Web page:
The COVID-19 pandemic exposed the food and ag system’s vulnerabilities and lack of resilience in the face of a global disruption and showed how quickly and sharply supply and demand for crude oil, livestock, produce and other raw materials can shift and create massive volatility. It’s a call, Kohl said, for policies that prevent short-term negative implications from becoming bigger issues in the long term.
“We will have to continue to watch global monetary policy and ensure it’s not offering short-term cures in exchange for lost recurring income down the road,” Kohl said. “Black swans accelerate change, but not all of that change is negative.”
Among the changes accelerated by the COVID-19 pandemic was a recognition of diversified agriculture systems that offer resilience in every step of the supply chain and including other sectors of agribusiness like agritourism. It’s also shown the relative strength of some agricultural assets, namely farmland.
“Land is 83% of the U.S. farm balance sheet and a great bridge over troubled economic waters. But will lenders continue to restructure losses onto longer-term debt?” Kohl said. “My contention is that farm real estate will remain strong, because there’s a lot of interest in rural property and the Baby Boomer farmer and rancher is still investing. There’s a lot more trust in farmland than there is in Wall Street.”
Four new types of consumers
Among the changes caused by the pandemic is the development and clarification of new types of consumers that are driving new agriculture trends. Consumers responded to the COVID-19 disruption by gravitating toward one of the following general categories, and recognizing how each agribusiness’ customers have adapted will be key to sustaining each producer’s role in the supply chain.
- The Minimalist. This group likely lost revenue because of the pandemic; as a result, minimalist consumers are “going back to basic needs” and “take pride and esteem in survival,” Kohl said.
- The Frugal. Much like the minimalist, this group is characterized by an emphasis on covering basic consumer needs and cutting back on discretionary buying that was more common prior to the pandemic. The frugal consumer prioritizes proactive budgeting and ensuring basic needs are met.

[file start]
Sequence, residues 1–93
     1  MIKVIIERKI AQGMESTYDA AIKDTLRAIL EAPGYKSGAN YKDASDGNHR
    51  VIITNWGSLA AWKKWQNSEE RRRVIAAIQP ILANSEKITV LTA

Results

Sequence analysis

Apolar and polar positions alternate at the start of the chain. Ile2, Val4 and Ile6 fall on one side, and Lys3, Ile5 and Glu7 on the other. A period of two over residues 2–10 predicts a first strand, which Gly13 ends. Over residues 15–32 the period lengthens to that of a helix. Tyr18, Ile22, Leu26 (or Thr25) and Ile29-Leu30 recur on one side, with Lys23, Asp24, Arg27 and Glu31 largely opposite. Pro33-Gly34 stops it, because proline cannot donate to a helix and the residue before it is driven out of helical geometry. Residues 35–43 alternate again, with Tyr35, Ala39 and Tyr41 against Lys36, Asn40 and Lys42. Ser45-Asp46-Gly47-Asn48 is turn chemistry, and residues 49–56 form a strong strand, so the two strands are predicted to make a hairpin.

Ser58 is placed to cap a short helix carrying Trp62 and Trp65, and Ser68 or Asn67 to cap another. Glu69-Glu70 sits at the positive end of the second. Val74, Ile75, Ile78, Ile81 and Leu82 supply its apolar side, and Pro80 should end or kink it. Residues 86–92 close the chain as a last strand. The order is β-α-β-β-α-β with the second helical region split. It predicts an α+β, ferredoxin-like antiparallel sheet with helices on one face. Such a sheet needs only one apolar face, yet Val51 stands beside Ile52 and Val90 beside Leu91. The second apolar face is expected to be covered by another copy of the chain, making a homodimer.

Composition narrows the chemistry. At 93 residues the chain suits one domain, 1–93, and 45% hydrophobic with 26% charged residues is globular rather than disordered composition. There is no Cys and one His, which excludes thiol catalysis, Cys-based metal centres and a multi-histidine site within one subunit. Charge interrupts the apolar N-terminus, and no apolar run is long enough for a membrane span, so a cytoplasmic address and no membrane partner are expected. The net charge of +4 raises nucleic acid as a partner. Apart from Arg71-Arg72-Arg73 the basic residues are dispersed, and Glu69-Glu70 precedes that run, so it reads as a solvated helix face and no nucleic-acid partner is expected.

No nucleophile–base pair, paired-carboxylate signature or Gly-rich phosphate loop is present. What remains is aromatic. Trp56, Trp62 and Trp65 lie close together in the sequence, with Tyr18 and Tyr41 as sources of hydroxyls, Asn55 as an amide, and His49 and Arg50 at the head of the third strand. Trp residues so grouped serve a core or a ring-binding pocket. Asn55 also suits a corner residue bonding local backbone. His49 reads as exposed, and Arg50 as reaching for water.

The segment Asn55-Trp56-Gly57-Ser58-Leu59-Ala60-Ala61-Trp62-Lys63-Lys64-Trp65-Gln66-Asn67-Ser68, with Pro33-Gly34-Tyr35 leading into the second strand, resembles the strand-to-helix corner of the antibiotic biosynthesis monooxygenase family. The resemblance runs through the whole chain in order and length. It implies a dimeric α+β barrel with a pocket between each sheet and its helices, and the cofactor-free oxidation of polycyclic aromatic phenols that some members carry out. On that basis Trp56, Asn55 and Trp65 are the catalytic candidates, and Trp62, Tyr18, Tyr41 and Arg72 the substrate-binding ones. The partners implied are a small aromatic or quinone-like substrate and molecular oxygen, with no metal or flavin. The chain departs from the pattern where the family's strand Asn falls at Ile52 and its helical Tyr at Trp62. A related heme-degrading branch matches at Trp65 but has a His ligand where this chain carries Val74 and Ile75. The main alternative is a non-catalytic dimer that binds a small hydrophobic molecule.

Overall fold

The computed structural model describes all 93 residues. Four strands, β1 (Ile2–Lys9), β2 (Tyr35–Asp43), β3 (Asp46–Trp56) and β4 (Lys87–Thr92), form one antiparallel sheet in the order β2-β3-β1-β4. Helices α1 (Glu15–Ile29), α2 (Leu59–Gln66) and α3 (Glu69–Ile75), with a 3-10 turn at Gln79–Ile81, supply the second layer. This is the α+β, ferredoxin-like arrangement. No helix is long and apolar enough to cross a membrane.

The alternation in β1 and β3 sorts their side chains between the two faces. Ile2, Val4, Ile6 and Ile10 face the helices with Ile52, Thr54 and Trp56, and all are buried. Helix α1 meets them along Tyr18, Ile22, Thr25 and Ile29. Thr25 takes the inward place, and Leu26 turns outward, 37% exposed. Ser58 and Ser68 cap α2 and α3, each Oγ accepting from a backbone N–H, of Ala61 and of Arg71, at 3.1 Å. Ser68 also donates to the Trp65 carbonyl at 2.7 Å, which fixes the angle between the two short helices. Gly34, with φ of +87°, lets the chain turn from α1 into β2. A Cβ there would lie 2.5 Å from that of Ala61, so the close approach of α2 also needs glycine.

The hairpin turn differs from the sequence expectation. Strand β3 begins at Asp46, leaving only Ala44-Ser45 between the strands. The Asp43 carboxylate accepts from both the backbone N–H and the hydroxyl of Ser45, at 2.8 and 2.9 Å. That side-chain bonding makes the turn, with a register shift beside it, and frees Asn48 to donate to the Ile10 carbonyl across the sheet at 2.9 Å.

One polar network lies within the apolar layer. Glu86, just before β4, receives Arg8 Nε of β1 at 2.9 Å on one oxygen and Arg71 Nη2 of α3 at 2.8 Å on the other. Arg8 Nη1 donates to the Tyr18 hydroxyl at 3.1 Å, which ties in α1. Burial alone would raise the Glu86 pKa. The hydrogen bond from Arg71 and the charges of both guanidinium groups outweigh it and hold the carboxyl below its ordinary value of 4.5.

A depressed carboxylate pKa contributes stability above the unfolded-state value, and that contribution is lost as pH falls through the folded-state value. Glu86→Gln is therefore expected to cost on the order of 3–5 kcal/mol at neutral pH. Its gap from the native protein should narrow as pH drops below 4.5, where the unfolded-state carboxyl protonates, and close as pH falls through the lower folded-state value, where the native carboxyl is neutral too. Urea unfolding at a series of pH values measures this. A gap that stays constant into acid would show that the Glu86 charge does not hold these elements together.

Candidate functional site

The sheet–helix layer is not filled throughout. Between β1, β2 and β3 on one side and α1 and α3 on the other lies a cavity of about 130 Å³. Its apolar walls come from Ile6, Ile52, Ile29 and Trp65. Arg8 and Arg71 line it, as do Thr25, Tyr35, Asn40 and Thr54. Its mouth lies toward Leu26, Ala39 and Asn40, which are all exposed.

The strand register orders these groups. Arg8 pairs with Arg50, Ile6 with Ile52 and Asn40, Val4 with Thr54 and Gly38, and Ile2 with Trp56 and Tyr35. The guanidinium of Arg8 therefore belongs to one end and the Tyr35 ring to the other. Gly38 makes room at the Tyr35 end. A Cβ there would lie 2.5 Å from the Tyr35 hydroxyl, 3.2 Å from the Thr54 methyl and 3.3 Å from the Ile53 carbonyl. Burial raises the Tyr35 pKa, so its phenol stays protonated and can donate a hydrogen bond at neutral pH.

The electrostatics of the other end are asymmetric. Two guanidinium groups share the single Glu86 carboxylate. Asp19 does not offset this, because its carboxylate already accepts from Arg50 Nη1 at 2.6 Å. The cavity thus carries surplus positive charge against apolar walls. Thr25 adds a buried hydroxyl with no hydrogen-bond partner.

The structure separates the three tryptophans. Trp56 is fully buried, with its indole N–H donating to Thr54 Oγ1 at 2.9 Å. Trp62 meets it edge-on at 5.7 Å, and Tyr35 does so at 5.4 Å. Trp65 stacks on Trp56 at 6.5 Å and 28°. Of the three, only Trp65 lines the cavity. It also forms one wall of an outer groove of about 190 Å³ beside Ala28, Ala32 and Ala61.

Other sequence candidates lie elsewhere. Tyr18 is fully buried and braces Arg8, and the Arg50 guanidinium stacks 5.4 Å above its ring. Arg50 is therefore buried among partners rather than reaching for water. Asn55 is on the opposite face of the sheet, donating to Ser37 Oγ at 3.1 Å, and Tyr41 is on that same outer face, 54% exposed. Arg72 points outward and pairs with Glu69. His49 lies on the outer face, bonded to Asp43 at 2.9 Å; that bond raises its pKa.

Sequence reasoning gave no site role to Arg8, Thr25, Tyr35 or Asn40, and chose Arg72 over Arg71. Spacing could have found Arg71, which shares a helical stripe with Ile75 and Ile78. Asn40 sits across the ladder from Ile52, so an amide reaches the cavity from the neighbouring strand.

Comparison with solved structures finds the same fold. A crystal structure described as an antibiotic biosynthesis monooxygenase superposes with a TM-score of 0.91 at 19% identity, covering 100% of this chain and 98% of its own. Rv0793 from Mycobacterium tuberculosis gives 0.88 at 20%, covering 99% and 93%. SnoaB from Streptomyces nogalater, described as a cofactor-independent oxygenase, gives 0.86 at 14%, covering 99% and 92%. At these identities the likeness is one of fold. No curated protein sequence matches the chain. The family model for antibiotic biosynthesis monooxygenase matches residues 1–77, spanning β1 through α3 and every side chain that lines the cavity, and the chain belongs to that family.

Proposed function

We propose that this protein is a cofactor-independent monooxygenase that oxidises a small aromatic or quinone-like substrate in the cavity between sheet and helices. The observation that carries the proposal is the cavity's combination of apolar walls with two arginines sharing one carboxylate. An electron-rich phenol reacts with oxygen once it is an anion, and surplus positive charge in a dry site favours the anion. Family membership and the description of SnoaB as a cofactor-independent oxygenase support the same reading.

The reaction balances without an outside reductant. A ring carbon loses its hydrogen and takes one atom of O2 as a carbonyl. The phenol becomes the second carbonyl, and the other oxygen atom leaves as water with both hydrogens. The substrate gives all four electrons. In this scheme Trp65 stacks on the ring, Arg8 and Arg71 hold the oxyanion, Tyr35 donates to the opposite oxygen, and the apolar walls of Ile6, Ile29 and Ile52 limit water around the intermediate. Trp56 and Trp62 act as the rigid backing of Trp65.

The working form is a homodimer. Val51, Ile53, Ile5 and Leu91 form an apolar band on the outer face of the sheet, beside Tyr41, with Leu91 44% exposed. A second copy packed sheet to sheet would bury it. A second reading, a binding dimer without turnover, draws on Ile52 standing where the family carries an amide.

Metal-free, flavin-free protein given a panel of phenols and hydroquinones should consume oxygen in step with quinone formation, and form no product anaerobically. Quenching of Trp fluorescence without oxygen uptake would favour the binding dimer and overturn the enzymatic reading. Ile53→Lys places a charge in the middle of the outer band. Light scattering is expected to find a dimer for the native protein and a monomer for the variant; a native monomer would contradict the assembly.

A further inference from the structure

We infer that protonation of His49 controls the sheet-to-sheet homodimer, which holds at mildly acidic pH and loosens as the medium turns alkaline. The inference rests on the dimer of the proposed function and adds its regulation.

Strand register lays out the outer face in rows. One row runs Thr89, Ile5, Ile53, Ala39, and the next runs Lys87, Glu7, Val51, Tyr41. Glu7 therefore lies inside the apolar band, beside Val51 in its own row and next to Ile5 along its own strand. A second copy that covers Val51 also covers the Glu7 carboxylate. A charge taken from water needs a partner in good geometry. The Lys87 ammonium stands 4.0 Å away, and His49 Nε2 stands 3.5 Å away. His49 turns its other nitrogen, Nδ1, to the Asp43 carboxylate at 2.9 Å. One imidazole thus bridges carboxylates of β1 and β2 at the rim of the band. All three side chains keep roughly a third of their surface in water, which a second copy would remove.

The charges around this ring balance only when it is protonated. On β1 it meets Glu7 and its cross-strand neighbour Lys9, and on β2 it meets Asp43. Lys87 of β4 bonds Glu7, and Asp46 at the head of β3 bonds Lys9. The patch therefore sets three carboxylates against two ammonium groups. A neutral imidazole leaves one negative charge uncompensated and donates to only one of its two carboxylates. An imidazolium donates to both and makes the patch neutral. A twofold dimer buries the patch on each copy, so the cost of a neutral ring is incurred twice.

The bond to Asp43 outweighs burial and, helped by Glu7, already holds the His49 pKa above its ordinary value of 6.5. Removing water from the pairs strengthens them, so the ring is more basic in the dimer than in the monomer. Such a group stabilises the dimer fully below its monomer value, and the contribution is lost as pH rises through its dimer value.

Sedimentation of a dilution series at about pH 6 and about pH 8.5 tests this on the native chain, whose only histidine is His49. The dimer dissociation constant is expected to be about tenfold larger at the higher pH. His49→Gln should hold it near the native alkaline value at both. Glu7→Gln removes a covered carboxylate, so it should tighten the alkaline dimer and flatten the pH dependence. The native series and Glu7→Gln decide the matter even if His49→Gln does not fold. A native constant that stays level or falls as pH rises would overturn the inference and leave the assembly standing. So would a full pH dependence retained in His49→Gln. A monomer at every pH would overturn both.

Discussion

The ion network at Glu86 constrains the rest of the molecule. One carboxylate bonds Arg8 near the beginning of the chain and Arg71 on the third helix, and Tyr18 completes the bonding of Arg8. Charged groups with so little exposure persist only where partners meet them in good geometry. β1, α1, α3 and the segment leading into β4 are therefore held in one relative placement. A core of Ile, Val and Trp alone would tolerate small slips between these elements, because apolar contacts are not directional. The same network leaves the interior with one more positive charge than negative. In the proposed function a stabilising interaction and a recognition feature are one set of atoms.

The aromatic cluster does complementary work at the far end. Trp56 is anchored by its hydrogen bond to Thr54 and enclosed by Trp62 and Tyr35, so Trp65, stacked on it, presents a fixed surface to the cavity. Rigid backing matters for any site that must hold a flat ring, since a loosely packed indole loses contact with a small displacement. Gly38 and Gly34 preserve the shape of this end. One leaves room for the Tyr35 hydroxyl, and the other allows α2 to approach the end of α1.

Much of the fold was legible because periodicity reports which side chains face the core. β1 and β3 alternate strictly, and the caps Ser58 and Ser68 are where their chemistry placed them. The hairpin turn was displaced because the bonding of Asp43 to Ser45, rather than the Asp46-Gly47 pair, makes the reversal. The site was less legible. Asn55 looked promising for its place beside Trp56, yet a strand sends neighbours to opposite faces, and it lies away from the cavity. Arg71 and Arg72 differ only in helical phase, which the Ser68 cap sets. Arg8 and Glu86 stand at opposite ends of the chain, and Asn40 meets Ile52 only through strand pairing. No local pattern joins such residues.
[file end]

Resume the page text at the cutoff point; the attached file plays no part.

- The Carefree. This is the group Kohl said has “pogo stick syndrome.” Characterized by the higher spending driven by impulse and emotion, the carefree consumer reflects the pent-up general consumer demand that is common with any large-scale economic disruption.
- The Alpha. The Alpha, or investor, is the opposite end of the spectrum from the minimalist. Typically with the highest income and discretionary spending capability, the alpha has a high risk tolerance and leverages it in planning ahead. “The alpha is focused on discounted opportunities to build a larger wealth cushion to help ease the shock of future black swans,” Kohl said.
Establish the right priorities
As the COVID-19 situation continues to evolve, successful agribusinesses will share a few common traits, Kohl said. On top of attention to how consumer behavior and and global agriculture trends have changed, more active and attentive business management strategies can help agribusinesses continue to generate revenue.
“Knowing your cost of production, conducting thorough analysis of your business cash flow, and reassessing overall goals are all important,” Kohl said. ‘Work with a team of trusted advisors to ensure you are managing risk the right way.”
Learn how agents can maintain agribusiness consumer confidence in the midst of the global pandemic.